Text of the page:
Florida condo collapse search stretches to 6th day
Death toll hits 12 as 1 more body recovered Tuesday
Twelve people have now been confirmed dead, leaving another 149 unaccounted for, in the collapse of an oceanfront Florida condo tower.
Officials provided an update Tuesday after vowing to conduct multiple investigations, convene a grand jury and to look closely "at every possible angle" to prevent any other building from experiencing such a catastrophic failure, earlier in the day.
Miami-Dade County Mayor Daniella Levine Cava said she and her staff will meet with engineering, construction and geology experts, among others, to review building safety issues and develop recommendations "to ensure a tragedy like this will never, ever happen again."
State Attorney Katherine Fernandez Rundle said she will pursue a grand jury investigation to examine factors and decisions that led to Thursday's collapse of the 12-storey Champlain Towers South in Surfside.
Even as officials looked to the future to determine the cause of the collapse, they were resolute in vowing to continue the effort to find survivors.
On the sixth day of a painstaking search, Gov. Ron DeSantis evoked a well-known military commitment to leave no one behind on the battlefield and pledged to do the same for the people still missing in the rubble.
"The way I look at it, as an old Navy guy, is when somebody is missing in action, in the military, you're missing until you're found. We don't stop the search," DeSantis said at a news conference.
"I think that's what is happening. Those first responders are breaking their backs trying to find anybody they can. I think they are going to continue to do that. They've been very selfless. They've put themselves at risk to do it."
Surfside Mayor Charles Burkett cited the case of a woman who was found alive 17 days after a garment factory collapsed in 2013, killing more than 1,000 people in Dhaka, Bangladesh.
Martin Langesfeld, whose sister, 26-year-old Nicole Langesfeld, is missing in the collapse, also expressed hope that there are still survivors.
"We're not alone in this. There's hope. I really believe miracles do happen. Things like this have happened around the world," he said during a vigil Monday night on the beach near the collapsed building.
Also Tuesday, the White House announced that U.S. President Joe Biden and first lady Jill Biden would travel to Surfside on Thursday.
The collapse has drawn scrutiny of the safety of older high-rise buildings throughout South Florida. Cava ordered a 30-day audit on whether buildings 40 years old or older are complying with a required recertification of their structural integrity, and that any issues raised by inspections are being addressed.
On Tuesday, the mayor said building inspections have found four balconies in one building in Miami-Dade County that "must be immediately closed due to safety concerns."
Previous grand juries in South Florida have examined other large-scale disasters, such as the 2018 collapse of a pedestrian bridge at Florida International University, which killed six people. That investigation is ongoing.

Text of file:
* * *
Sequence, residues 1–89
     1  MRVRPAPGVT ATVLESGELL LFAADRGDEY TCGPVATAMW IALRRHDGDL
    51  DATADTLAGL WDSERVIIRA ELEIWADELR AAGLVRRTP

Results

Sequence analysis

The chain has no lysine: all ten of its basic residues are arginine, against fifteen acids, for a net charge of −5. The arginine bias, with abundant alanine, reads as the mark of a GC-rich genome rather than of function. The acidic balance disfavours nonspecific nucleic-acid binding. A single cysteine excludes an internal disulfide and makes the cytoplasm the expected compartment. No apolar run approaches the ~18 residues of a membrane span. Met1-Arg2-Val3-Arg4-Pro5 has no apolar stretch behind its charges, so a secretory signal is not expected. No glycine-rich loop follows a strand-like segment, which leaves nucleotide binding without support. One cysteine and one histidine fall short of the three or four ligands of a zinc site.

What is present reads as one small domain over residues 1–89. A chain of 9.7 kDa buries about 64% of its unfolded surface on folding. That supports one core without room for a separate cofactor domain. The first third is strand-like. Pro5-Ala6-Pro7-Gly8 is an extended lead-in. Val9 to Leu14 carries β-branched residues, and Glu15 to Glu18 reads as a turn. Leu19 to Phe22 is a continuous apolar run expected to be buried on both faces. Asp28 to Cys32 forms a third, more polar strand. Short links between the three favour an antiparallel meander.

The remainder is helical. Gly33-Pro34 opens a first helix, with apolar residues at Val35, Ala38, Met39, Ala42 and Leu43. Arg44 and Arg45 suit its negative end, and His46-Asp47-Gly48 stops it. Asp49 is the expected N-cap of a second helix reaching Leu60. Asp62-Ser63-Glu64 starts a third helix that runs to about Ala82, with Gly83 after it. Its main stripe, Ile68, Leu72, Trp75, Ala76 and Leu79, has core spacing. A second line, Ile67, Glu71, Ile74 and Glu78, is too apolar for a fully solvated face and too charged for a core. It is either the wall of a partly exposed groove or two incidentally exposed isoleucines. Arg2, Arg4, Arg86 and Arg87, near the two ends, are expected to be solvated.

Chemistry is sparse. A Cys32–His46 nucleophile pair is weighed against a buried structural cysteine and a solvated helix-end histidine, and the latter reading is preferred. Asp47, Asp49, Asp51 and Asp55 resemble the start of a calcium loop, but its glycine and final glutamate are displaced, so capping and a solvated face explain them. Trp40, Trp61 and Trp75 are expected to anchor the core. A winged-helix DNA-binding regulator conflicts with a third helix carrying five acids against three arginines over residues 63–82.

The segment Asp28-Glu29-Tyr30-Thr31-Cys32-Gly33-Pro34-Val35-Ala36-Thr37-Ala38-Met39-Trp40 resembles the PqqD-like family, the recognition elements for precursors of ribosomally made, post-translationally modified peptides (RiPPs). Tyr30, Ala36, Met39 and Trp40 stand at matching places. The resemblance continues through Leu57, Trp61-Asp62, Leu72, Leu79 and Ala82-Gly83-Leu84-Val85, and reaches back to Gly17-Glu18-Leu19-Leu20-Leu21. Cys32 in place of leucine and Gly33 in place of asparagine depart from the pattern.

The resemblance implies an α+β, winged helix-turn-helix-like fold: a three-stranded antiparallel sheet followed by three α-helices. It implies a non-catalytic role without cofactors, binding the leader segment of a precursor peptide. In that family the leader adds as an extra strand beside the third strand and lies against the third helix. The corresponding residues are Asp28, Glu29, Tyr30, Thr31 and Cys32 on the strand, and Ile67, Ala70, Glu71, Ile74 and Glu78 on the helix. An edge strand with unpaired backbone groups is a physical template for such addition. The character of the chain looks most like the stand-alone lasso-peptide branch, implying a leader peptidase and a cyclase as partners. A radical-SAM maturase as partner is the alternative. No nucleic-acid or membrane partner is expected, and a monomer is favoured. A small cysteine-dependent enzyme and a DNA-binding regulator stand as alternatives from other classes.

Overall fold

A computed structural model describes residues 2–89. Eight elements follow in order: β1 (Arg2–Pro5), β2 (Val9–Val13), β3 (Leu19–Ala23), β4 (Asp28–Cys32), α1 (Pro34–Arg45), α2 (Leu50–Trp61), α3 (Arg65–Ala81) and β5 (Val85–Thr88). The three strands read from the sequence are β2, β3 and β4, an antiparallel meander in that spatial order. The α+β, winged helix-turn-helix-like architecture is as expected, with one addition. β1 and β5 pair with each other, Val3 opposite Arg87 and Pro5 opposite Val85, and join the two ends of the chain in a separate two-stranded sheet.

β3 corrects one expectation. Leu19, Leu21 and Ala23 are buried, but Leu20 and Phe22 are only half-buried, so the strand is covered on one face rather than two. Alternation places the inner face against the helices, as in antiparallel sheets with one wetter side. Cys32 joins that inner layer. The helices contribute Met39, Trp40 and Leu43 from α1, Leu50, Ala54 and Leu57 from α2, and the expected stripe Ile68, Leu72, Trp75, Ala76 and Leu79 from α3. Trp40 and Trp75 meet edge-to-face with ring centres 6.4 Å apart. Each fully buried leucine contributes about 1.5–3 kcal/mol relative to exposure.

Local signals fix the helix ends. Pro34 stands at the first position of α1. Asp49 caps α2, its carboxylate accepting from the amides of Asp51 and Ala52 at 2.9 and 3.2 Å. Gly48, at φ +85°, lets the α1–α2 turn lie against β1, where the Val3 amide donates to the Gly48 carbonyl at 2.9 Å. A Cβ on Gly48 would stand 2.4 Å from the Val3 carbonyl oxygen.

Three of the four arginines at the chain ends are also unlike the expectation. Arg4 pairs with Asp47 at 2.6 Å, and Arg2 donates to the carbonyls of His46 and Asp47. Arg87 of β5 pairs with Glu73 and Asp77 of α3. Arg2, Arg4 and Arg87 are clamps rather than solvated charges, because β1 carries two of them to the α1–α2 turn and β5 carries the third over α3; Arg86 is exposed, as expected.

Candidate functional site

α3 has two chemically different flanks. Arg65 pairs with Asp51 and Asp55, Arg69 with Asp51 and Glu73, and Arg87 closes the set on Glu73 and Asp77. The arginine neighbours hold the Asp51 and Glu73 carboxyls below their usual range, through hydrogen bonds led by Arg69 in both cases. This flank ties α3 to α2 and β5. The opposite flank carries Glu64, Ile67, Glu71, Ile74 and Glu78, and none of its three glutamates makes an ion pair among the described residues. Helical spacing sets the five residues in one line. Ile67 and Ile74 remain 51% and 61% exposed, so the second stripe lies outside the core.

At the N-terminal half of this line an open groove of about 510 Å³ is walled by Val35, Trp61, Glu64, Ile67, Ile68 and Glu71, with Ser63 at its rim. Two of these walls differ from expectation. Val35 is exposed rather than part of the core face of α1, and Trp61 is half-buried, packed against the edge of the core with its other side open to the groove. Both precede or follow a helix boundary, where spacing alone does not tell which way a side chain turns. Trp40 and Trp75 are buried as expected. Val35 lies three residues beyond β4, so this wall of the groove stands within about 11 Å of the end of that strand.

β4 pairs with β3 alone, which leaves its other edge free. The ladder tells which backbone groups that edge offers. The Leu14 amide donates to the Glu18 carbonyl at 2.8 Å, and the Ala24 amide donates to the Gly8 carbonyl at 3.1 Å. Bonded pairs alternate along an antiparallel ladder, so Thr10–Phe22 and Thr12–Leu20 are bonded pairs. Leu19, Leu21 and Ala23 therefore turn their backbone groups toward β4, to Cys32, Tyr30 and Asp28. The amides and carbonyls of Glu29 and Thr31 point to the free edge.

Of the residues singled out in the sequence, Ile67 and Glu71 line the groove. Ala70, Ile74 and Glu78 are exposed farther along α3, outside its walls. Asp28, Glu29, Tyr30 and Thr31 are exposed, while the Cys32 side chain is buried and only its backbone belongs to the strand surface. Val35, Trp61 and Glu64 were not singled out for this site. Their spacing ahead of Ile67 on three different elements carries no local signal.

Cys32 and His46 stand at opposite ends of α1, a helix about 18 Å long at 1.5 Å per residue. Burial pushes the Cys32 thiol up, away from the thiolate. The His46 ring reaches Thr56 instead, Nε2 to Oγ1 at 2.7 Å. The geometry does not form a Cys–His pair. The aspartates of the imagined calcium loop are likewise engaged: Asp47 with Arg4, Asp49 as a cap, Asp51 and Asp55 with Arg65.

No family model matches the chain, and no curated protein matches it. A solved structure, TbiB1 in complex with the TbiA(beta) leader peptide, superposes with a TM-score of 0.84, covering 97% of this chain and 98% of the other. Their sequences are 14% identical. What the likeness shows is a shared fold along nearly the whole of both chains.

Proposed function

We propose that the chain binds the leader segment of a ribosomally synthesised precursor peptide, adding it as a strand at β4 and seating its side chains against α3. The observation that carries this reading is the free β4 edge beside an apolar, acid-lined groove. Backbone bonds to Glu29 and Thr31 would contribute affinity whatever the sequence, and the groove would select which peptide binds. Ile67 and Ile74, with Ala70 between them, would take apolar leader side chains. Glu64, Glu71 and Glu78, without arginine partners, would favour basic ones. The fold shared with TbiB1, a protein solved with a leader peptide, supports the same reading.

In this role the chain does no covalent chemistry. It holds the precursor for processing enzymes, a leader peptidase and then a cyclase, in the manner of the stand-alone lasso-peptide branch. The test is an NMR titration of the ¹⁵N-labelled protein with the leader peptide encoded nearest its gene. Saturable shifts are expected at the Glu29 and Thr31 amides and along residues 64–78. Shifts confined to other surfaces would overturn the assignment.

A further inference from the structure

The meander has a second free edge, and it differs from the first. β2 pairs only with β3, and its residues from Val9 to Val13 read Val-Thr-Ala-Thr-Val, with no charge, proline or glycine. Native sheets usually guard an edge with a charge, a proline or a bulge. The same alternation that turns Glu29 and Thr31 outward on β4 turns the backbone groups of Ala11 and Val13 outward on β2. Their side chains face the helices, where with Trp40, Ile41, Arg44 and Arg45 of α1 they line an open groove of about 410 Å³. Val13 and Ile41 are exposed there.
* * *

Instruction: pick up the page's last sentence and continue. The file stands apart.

Criminal charges in such matters are possible, such as the third-degree felony murder and manslaughter charges brought in the 1996 crash of ValuJet Flight 592, which killed 110 people in the Everglades.
Work at the site has been deliberate and treacherous. Thunderstorms rolled through the area Tuesday morning, and debris fell onto the search area overnight from the shattered edge of the part of the building that still stands, forcing rescuers to mark a "don't go beyond here" line and focus their efforts on parts of the debris pile that are farther from the structure, Burkett told WSVN.
Just two additional bodies were found Monday.
Authorities are meeting frequently with families to explain what they're doing and answer questions. They have discussed with families everything from how DNA matches are made to help identify the dead, to how will next of kin be contacted, to going into "extreme detail" about how they are searching the mound, the mayor said.
Precarious mound of rubble
Armed with that knowledge, she said, families are coming to their own conclusions.
"Some are feeling more hopeful, some less hopeful, because we do not have definitive answers. We give them the facts. We take them to the site," she said. "They have seen the operation. They understand now how it works, and they are preparing themselves for news, one way or the other."
Rescuers are using bucket brigades and heavy machinery as they work atop a precarious mound of pulverized concrete, twisted steel and the remnants of dozens of households. The efforts included firefighters, sniffer dogs and search experts using radar and sonar devices.
Authorities said their efforts were still a search and rescue operation, but no one has been found alive since hours after the collapse on Thursday.
The pancake collapse of the building left layer upon layer of intertwined debris, frustrating efforts to reach anyone who may have survived in a pocket of space.
"Every time there's an action, there's a reaction," Miami-Dade Assistant Fire Chief Raide Jadallah said during a news conference Monday. "It's not an issue of we could just attach a couple of cords to a concrete boulder and lift it and call it a day." Some of the concrete pieces are smaller, the size of basketballs or baseballs.
From outside a neighbouring building on Monday, more than two-dozen family members watched teams of searchers excavate the building site. Some held onto each other for support. Others hugged and prayed. Some people took photos.
"It's an incredibly difficult decision, and I've never had to make that decision," Barbera said.
The building collapsed just days before a deadline for condo owners to start making steep payments toward more than $9 million US in repairs that had been recommended nearly three years earlier, in a report that warned of "major structural damage."